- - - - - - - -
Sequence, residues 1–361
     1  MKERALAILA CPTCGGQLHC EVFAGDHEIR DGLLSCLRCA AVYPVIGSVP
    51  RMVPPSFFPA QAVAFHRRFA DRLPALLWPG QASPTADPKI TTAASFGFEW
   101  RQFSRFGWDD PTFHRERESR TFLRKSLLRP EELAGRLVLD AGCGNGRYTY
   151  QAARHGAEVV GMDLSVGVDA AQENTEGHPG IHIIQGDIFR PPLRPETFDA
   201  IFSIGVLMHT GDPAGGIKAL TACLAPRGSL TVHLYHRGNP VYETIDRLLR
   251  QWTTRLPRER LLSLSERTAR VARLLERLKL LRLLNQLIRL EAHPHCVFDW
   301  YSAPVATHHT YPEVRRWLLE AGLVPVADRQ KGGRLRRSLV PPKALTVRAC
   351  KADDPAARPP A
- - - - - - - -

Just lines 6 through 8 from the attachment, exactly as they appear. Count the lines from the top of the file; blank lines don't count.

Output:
   201  IFSIGVLMHT GDPAGGIKAL TACLAPRGSL TVHLYHRGNP VYETIDRLLR
   251  QWTTRLPRER LLSLSERTAR VARLLERLKL LRLLNQLIRL EAHPHCVFDW
   301  YSAPVATHHT YPEVRRWLLE AGLVPVADRQ KGGRLRRSLV PPKALTVRAC